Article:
Cybersecurity vendors are aggressively applying artificial intelligence--and subsets such as machine learning and deep learning--to better defend against the growing numbers and increasing sophistication of threats from ransomware to cryptomining to banking Trojans. Not surprisingly, cybercriminals also are likely experimenting with AI for many of the same reasons--from greater automation and improved scalability to better flexibility and response times. In short, the artificial intelligence risk factor is rising.
The likelihood of attacks that leverage AI and machine learning was outlined in a report earlier this year. The report, which was pulled together by more than two dozen experts in the United States and the United Kingdom, warned that the “use of AI to automate tasks involved in carrying out cyber attacks will alleviate the existing trade-off between the scale and efficacy of attacks.”
Spear-phishing is an example of a labor-intensive attack that can benefit from greater automation and improved targeting of victims to enable bad actors to scale the size and numbers their attacks and drive a greater return on their efforts.
“Cybersecurity is an arms race, where attackers and defenders play a constantly evolving cat-and-mouse game,” Marc Stoecklin, principal RSM and manager of cognitive cybersecurity intelligence at IBM Research, wrote in a blog post. “Every new era of computing has served attackers with new capabilities and vulnerabilities to executive their nefarious actions. … We are on the cusp of a new era: the artificial intelligence (AI) era. The shift to machine learning and AI is the next major progression in IT. However, cybercriminals are also studying AI to use it to their advantage--and weaponize it.”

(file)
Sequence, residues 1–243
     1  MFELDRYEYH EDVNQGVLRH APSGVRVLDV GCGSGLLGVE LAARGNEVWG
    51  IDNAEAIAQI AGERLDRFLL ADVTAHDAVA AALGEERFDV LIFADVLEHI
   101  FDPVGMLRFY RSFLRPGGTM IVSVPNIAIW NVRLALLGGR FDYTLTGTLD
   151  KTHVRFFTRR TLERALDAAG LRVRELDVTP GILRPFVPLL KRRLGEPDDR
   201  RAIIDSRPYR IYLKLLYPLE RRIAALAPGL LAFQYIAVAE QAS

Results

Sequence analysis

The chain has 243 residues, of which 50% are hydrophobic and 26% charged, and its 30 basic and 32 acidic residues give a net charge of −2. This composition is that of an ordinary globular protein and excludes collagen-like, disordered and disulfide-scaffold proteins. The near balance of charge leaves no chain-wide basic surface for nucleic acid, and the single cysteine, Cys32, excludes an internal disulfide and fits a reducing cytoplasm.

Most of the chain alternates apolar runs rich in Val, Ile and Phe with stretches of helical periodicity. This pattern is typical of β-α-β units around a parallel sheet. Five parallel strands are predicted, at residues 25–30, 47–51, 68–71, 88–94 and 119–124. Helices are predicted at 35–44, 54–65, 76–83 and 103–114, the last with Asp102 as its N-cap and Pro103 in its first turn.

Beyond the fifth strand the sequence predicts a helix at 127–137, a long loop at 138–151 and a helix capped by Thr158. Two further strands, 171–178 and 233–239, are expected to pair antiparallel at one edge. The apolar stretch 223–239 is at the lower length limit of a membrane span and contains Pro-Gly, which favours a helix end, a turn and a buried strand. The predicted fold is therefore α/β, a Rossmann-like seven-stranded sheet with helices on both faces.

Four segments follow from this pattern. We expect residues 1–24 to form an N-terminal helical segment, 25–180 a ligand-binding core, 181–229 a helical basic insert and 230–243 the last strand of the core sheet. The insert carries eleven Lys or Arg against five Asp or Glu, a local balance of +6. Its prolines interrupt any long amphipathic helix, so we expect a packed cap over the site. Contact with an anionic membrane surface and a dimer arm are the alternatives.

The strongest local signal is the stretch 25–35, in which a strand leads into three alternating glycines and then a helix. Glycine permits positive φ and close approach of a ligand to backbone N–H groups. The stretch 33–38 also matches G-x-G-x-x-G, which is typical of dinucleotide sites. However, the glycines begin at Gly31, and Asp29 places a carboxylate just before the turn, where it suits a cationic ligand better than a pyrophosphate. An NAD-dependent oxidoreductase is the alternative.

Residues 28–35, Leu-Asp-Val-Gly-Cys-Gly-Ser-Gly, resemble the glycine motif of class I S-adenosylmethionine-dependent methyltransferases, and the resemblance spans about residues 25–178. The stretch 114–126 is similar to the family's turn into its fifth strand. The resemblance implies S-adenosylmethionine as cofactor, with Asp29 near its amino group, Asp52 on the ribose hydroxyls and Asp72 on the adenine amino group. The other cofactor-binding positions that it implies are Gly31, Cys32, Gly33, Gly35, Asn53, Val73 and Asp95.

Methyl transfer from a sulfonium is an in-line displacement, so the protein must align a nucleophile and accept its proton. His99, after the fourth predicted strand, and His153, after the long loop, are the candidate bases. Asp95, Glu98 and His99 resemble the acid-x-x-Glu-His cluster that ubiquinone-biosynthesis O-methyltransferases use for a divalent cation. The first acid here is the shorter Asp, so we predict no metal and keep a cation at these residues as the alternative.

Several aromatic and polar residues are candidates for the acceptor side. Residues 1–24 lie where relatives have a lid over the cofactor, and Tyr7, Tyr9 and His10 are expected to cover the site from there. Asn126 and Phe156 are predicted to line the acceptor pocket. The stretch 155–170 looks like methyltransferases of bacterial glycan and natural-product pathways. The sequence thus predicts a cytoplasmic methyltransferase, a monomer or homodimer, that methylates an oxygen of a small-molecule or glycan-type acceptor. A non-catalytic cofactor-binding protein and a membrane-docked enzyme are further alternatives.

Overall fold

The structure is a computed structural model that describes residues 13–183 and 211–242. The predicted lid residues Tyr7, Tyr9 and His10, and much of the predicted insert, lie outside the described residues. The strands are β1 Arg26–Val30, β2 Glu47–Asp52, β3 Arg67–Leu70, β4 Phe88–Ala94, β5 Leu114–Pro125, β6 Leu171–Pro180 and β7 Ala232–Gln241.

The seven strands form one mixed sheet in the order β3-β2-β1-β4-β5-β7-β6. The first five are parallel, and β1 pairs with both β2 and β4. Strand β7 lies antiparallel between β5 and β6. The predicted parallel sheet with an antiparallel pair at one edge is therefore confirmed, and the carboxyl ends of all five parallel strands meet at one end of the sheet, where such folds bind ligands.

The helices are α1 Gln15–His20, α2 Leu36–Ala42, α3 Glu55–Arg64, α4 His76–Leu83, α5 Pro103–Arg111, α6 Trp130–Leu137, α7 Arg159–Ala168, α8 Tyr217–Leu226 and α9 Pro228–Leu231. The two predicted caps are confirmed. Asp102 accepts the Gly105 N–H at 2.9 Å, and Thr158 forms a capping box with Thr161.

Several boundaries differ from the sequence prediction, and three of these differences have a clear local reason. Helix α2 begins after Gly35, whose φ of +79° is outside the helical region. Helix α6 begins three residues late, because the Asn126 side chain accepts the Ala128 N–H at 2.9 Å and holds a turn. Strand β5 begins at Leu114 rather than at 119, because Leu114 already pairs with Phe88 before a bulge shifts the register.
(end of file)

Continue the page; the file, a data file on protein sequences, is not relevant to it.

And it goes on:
Stoecklin and other IBM researchers were at the recent Black Hat 2018 conference, works their way assessment)DeepLocker, an effort to create new malware that leverages AI to circumvent current security solutions. The idea behind DeepLocker is to enable cybersecurity vendors and companies to be more proactive in addressing malware that has been combined with AI techniques.
DeepLocker was created “to better understand how several existing AI models can be combined with current malware techniques to create a particularly challenging new breed of malware,” he wrote. “This class of AI-powered evasive malware conceals its intent until it reaches a specific victim. It unleashes its malicious action as soon as the AI model identifies the target through indicators like facial recognition, geolocation and voice recognition.”
DeepLocker hides the malicious payload in such in benign applications like video conferencing software to avoid detection, according to Stoecklin. The IBM researchers used a deep neural network (DNN) AI model to enable the malware to unlock its payload only if the intended target is reached. This model makes it almost impossible to reverse-engineer the issue, a common practice among cybersecurity researchers.
He said IBM researchers wanted to present what they were doing with DeepLocker to raise awareness about AI-powered malware, demonstrate how attackers can build malware to get around common defenses, and show how organizations can reduce risks and deploy countermeasures.
“While a class of malware like DeepLocker has not been seen in the wild to date, these AI tools are publicly available, as are the malware techniques being employed--so it’s only a matter of time before we start seeing these tools combined by adversarial actors and cybercriminals,” Stoecklin wrote. “The security community needs to prepare to face a new level of AI-powered attacks. We can’t, as an industry, simply wait until the attacks are found in the wild to start preparing our defenses.”